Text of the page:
PROVO — If you think immigration reform doesn’t have anything to do with you, think again the next time you look at your dinner plate.
It is possible an immigrant worker played a role in getting the food you are eating from the farm, to the store and possibly even on to your plate if you are eating at a local restaurant.
That realization was the inspiration behind a roundtable discussion held Monday at Communal in Provo among farmers, industry representatives and staffers from the offices of Rep. Jason Chaffetz, R-Utah, and Rep. Chris Stewart, R-Utah.
The meeting revolved around what is happening in Utah’s farms and businesses, and in Washington, to give all the interested parties perspective on the politically charged topic.
“It is costing Utah’s ranchers tens of millions,” said Sterling Brown, vice president of public policy for the Utah Farm Bureau, when speaking on the nation’s current immigration laws. “This needs to be resolved. Whether it is in one bite at a time or comprehensive, we’ll take it.”
The farmers in the room agreed.
Steve Osguthorpe, who brings in migrant workers to work as sheep herders for his operation, said the immigration discussion in Washington impacts his business, as he is unable to find American workers for the jobs he needs filled.
Osguthorpe said he has posted job openings for sheep herders for 16 years in five states — following federal rules that then allow him to have migrant workers brought in — and never has had an American apply for the position. He said his business depends on migrant workers and it would hurt if he is unable to bring in the workforce he needs to run his farm.
Jake Harward, of Harward Farms in Springville, concurred with Osguthorpe. He said times have changed from when farms could hire the local high-school kids to come pick fruit. He said the farm has struggled to attract local applicants, despite paying well above the minimum wage, as he said younger generations aren’t motivated to work on a farm anymore.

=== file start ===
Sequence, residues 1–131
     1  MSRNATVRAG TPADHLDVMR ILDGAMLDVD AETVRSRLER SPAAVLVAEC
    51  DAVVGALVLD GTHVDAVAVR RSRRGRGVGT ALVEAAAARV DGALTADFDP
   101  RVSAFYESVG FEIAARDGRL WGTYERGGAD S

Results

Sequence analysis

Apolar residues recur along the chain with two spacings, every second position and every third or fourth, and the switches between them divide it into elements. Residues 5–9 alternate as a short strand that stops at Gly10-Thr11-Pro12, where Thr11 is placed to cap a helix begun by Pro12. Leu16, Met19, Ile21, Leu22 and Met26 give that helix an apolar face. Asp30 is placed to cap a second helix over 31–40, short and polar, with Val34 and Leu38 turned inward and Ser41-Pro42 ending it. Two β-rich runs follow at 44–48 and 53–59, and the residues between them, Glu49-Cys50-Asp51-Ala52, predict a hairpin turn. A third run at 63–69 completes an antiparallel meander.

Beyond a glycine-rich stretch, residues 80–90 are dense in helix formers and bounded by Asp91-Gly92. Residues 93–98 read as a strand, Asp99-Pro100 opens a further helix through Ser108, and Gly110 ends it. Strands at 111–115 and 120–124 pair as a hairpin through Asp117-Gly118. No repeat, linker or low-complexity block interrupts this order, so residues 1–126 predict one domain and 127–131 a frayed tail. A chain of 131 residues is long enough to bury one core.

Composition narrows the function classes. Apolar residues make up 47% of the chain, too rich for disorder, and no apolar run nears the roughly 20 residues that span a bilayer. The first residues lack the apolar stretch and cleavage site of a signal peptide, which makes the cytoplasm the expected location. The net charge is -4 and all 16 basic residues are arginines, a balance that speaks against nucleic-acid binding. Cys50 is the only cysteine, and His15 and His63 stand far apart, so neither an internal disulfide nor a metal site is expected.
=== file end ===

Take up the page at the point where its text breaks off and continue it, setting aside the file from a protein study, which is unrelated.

“I can’t train them or motivate them to do it,” Harward said.
In addition to farmers, representatives from Utah’s manufacturers, grocers and restaurants also expressed concerns about the current state of immigration policies in the nation.
Dave Davis, with the Utah Food Industry Association and the Utah Retail Merchants Association, said the businesses he represents are impacted by the immigration situation. They depend on the federal government’s E-Verify system to ensure they are hiring legal immigrants but feel the system has failed.
Davis described situations where businesses have used E-Verify, only to then be raided by federal officers searching for undocumented immigrants.
He stated if the businesses use the system they should be able to do so with a certain degree of surety that they are hiring individuals that have legal status in the country. Right now, however, Davis said that certainty doesn’t exist with E-Verify.
Davis also said businesses should be given some legal protection from the federal government if they use E-Verify to vet their employees, but that protection does not exist at this time.
“It’s getting better,” he said. “But they need to be able to trust the results that come back.”
Wade Garrett, who works in Chaffetz’s office, explained to roundtable attendees that Washington is looking at immigration. He pointed out that Chaffetz had an immigration bill passed in a previous session of Congress that would have opened up more visas for high-skilled workers. The bill stalled in the Senate.
He explained that Chaffetz is interested in seeing progress made on the issue, but that the Congressman would not support anything that would provide “amnesty” for those who came into the country illegally.